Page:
7 Wednesday Afternoon Time Room 1 Room 2 14:00-16:00 Análisis de Grandes Volúmenes de Datos Textuales Teaching Effectiveness Colloquium II Conversatorio Internacional: Análisis de grandes volúmenes de datos textuales. Room 1. Coordinador: S. Hernández. Panelistas: A. Agüero, M. Laborde y M. Oller. Teaching Effectiveness Colloquium II, Room 2. Chair: G. Gaviño. Hour Speaker Talk 14:00-14:40 14:40-15:00 Keller, L.R. Reyes, H. Teaching multi-objective multi- stakeholder decision modeling with cases (Main lecture) Modelación estadística sobre el egreso de universitarios de ciencias exactas de la FCFM- BUAP. 15:00-16:00: Poster Session 1, Room 2. Chair: Y. Almeida. Speaker Talk Estévez, S. Influencia del uso de medidas de similaridad semántica para el proceso de minería de opinión en Twitter. Baguer, M.L. Las transformadas de Watershed y Waterfall para la segmentación de imágenes de la aduana. Estévez, S. Wikipedia as a corpus for Text Mining. Thursday Morning 9:00-10:00: Rynkiewicz, J Assessment of the influence of education level on voting intention for the extreme right in France (Plenary Lecture). Room 1. Chair: C. Bouza. 10:00-10:20: Coffee Break. Time Room 1 Room 2 10:20-12:30 Human Health Studies I Computer Vision and Graphics Session Human Health Studies I. Room 1 Chair M. Oliveira Hour Speaker Talk 10:20-11:00 Sombra, F. Processing: applications in health care and remote sensing of environment. 11:00- Uranga, R. Simulación para evaluar datos faltantes en
8 11:20 modelos de transición en el contexto de ensayos clínicos. 11:20-12:30 Panel Conversatorio: Los métodos matemáticos en la Medicina.
9 Session Computer Vision and Graphics. Room II Chair A. Mesejo. Hour Speaker Talk 10:20- León, A. Movement detection using Wavelet. 10:40 10:40- Mesejo, D. Contrast enhacement for digital mammography 11:00 11:00-11:20 Piad, A. images based on wavelets. E-buffer. A GPU friendly space partitioning based on bounding volume hierarchy of empty-spaces suitable for raycasting applications. A GPU frameworks to compute supervoxels in large medical images. Thursday Afternoon Time Room 1 Room 2 14:00-12:30 Human Health Studies II Poster Session Session Human Health Studies II, Room 1. Chair F. Sombra. Hour Speaker Talk 11:20- Kauffmann, 11:40 C. 12:00-14:00: Lunch Break. 14:00-14:40 14:40-15:00 15:00-15:20 15:20-15:40 Oliveira, M. Lage, A. López, L. Betancourt, J. Evolving an intelligent framework for decisionmaking process in E-health systems. (Main Lecture). Inference of source origin in epidemics and water distribution systems. Prognostic factors for cervical cancer patients in Tabasco, México. Entrenamiento en análisis epidemiológicos para estudiantes de Medicina. 14:00-15:00: Poster Session 2, Room 2. Chair: V. Sistachs. Arcos, M del Gender analysis of medical professionals in Spanish M. public universities. Rueda, M del Un estudio estadístico sobre el uso problemático del M. Tuero A. Viada, C. móvil y personalidad. Meta-analysis of safety and efficacy in patients with diabetic foot ulcers. International projection of Heberprot-P. Tiempo al deterioro de los scores de calidad de vida como una modalidad de análisis longitudinal para pacientes con cáncer de cabeza y cuello tratados con Nimotuzumab.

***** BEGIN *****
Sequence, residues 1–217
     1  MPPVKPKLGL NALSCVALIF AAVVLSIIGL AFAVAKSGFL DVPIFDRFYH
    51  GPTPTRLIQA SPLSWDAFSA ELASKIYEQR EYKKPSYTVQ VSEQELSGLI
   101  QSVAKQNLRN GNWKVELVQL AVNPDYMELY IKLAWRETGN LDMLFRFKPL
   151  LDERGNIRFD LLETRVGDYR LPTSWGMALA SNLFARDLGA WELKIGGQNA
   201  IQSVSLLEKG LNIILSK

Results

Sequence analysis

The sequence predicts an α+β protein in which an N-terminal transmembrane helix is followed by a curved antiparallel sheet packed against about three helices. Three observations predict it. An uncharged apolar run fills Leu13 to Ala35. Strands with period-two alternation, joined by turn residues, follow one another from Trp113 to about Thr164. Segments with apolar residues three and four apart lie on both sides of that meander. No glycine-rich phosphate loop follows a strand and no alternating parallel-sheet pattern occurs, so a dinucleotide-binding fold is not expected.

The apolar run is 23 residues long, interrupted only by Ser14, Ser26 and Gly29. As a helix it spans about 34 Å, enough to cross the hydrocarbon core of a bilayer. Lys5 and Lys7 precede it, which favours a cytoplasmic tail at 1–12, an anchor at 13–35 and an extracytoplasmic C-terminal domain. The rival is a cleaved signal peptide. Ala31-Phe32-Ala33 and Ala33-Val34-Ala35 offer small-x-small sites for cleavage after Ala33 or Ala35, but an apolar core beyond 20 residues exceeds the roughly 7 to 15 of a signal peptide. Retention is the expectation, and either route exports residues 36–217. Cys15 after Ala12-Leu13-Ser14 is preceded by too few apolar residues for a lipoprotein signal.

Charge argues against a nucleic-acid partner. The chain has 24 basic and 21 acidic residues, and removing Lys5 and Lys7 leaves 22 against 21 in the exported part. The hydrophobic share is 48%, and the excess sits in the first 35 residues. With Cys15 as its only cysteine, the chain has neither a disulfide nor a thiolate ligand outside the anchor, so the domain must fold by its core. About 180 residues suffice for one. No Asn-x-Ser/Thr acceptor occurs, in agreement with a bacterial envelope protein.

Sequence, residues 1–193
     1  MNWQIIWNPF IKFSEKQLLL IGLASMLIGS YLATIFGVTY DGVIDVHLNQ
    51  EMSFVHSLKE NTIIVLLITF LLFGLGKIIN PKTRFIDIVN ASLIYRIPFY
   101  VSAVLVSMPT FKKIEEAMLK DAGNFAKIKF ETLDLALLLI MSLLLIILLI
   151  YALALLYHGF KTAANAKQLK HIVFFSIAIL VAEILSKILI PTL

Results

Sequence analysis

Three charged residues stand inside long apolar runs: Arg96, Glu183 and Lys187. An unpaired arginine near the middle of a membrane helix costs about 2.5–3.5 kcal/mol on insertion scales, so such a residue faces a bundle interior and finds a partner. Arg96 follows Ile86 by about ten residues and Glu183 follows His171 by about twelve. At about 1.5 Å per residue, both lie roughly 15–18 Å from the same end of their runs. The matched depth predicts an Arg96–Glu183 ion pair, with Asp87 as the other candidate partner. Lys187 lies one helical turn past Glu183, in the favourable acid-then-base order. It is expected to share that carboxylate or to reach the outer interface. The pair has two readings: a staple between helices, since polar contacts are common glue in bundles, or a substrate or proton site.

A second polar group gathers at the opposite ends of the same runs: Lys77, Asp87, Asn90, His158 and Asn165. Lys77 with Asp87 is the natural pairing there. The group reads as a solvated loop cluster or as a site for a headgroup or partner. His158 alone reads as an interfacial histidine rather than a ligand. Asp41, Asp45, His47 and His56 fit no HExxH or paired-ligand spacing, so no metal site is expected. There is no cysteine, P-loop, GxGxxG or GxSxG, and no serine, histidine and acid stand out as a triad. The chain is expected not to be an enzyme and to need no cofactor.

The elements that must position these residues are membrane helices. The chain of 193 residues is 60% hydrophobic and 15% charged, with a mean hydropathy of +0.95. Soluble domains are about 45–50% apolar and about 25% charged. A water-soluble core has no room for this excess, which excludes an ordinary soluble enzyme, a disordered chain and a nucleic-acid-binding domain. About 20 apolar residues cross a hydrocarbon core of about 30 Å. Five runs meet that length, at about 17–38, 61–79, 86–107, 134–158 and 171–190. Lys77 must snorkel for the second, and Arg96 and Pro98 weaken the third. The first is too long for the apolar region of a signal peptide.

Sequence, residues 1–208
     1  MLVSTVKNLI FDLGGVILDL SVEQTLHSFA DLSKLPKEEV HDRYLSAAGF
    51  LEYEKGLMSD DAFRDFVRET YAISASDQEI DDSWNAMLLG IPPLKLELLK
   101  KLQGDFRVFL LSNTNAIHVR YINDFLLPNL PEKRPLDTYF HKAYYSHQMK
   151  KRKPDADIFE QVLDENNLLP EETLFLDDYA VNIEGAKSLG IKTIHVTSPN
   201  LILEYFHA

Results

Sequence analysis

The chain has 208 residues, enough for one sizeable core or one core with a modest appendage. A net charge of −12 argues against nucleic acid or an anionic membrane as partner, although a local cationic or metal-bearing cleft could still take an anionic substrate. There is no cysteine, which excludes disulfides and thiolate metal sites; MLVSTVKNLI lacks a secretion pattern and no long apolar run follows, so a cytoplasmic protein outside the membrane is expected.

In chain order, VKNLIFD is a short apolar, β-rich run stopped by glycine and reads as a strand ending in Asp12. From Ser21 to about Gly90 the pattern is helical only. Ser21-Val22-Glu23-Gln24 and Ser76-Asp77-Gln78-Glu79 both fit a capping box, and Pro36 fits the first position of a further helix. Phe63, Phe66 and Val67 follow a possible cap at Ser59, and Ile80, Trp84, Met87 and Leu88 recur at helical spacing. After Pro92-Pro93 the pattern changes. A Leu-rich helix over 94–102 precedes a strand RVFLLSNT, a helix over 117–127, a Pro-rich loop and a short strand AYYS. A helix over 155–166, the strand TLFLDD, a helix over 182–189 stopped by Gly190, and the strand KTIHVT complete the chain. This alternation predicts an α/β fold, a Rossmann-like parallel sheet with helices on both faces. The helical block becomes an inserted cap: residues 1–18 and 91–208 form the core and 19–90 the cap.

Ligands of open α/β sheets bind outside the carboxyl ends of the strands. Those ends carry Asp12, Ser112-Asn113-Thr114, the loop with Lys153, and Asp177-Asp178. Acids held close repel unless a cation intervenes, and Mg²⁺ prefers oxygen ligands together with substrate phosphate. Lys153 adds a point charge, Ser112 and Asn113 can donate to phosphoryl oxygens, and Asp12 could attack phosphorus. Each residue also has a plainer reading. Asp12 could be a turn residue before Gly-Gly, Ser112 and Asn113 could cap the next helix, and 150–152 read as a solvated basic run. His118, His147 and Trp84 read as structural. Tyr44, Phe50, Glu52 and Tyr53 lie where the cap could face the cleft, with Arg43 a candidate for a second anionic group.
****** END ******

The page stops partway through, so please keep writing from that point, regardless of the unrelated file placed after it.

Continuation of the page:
10 15:00-16:00: Poster Session 3, Room 2. Chair: V. Sistachs. Arcos, A. The use of landline and cell-phone in health surveys. León López, Estudio del pronóstico de la gravedad del paciente: E. neumonías adquiridas en la comunidad. Hospital General Docente Iván Portuondo, San Antonio de los Baños Sistachs, V. Promedio Bayesiano de Modelos en Salud: una revisión. Eduardo, A. Análisis de desempeño académico de los estudiantes en la asignatura de estadística en la Universidad Pedagógica de Benguela República de Angola. Friday Morning 9:00-10:00: Negreiros, M. Capacitated centered clustering problem: applications, models, exact and metaheuristic methods (Plenary Lecture). Room 1. Chair: C. Bouza. 10:00-10:20: Coffee Break. Time Room 1 Room 2 14:00-12:30 Applications of OR Statistical models Session Applications of OR. Room 1 Chair: A. Ruiz. Hour Speaker Talk 10:20-10: :40-11:00 11:00-11:20 11:20-11:40 11:40-12:00 12:00-12:20 Agüero, L. Tamayo, A. García, D Limia, L. Marrero, A. Estévez, S. Nguyen, B. Aplicación del método CDS secuencial para el rediseño de las rutas de distribución en una fábrica productora de helado. Diseño de un procedimiento para la planificación y control de la producción haciendo uso de herramientas matemáticas. Herramienta computacional para la planificación de rutas en el problema de enrutamiento de vehículos considerando una flota heterogénea. Una estrategia por vecindades para el problema de enrutamiento de vehículos con compartimentos. Algoritmo genético semidifuso. Aplicación a un modelo de detección del VIH en Cuba. Influence in Twitter: a proposal based on clustering. A dual method to solve a quadratic program derived from a distance metric learning problem.